Seven million Syrians need humanitarian aid: UN
UN says 6.8 million Syrians in need along with 4.25 million people internally displaced and an additional 1.3 million who have sought refuge in neighboring countries. REUTERS photoNearly seven million people need humanitarian assistance in Syria, a senior United Nations official said April 18 while criticizing Damascus for hampering aid distribution.
“The needs are growing rapidly and are most severe in the conflict and opposition-controlled areas” of the civil-war ravaged country, the global body’s under-secretary general for humanitarian affairs and emergency relief coordinator Valerie Amos told the U.N. Security Council.
She cited data showing there are 6.8 million people in need - out of a total population of 20.8 million - along with 4.25 million people internally displaced and an additional 1.3 million who have sought refuge in neighboring countries.
It was a rare public briefing of the Security Council on the conflict in Syria, which was called for by Australia, and Amos pleaded for the 15 council members to “take the action necessary to end this brutal conflict.” “The situation in Syria is a humanitarian catastrophe with ordinary people paying the price for the failure to end the conflict,” Amos said. “I do not have an answer for those Syrians I have spoken to who asked me why the world has abandoned them.”
The council responded by urging both the government and the opposition to cooperate with U.N. agencies. “Members of the Security Council urged all parties to ensure safe and unimpeded access for aid organizations to those in need in all areas of Syria,” they said in a statement.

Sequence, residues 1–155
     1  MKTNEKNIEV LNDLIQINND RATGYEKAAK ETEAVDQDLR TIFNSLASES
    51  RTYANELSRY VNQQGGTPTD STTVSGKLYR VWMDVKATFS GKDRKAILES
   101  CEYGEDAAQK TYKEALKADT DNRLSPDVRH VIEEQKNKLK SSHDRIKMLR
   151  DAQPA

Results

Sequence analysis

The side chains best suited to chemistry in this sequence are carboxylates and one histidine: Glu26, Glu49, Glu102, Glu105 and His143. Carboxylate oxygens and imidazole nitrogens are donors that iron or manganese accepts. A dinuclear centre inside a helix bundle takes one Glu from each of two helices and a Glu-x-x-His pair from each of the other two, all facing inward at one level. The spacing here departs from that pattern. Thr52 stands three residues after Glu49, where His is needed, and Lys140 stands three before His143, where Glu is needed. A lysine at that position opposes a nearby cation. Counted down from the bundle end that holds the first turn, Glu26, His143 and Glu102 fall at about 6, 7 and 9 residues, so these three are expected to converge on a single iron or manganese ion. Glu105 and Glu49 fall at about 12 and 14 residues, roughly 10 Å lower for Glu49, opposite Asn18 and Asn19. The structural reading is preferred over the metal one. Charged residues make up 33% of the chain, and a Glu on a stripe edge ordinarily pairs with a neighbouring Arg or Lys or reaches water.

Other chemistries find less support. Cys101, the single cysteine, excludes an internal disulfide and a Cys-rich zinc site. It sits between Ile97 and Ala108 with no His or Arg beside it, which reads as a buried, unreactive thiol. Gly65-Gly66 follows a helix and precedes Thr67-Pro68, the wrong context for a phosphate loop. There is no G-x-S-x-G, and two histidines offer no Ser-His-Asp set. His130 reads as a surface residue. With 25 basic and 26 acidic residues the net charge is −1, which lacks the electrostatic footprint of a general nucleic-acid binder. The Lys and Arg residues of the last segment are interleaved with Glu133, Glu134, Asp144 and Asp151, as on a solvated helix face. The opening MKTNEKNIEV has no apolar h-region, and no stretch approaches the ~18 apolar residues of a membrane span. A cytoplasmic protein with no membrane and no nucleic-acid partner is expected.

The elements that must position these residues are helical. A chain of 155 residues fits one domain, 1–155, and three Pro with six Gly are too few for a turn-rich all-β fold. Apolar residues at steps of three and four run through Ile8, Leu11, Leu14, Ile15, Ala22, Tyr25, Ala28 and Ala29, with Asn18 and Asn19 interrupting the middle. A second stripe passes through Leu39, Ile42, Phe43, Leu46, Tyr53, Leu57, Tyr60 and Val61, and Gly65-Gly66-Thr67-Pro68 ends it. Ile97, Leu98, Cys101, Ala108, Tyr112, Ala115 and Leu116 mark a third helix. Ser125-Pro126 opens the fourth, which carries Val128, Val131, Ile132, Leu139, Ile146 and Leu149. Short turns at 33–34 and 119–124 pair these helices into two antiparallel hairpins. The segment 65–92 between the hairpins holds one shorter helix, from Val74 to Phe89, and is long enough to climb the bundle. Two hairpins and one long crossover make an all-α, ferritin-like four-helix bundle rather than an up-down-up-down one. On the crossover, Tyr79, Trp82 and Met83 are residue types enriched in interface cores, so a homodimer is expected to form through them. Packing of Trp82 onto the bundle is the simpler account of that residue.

Amos said that bureaucratic obstacles have grown since January, “inhibiting our ability to respond.” “The limitations on the ground have forced us to being precariously close to suspending some critical humanitarian operations. We are approaching a point of no return,” she said.
Approval for NGOs falls sharply
She said the number of approved nongovernmental organizations in Syria was recently cut from 110 to 29, and the U.N. has just been told that every truck needs a permit signed by two ministers to pass government checkpoints. “When I tell the Council that a convoy from Damascus to Aleppo goes through 50 checkpoints - half of them government controlled - you will appreciate the impossibility of this request.” “We cannot do business this way,” she said, adding that 21 visa applications are still pending, and a request to import 22 armored vehicles has still not been approved.
For his part, U.N. High Commissioner for Refugees Antonio Guterres, addressing the U.N. Security Council by video link, said that since February, there have been 8,000 Syrians a day fleeing across the country’s borders and at that rate the number of refugees was forecast to more than double by the end of the year to 3.5 million.
“These figures are terrifying. This is not just frightening, it risks becoming simply unsustainable. There is no way to adequately respond to the enormous humanitarian needs these figures represent,” he said. “It is difficult to imagine how a nation can endure so much suffering.” He warned of the conflict spilling over into Jordan, Lebanon, Turkey and Iraq - Syria’s neighbors bearing the refugee burden and called for more international support for countries hosting refugees.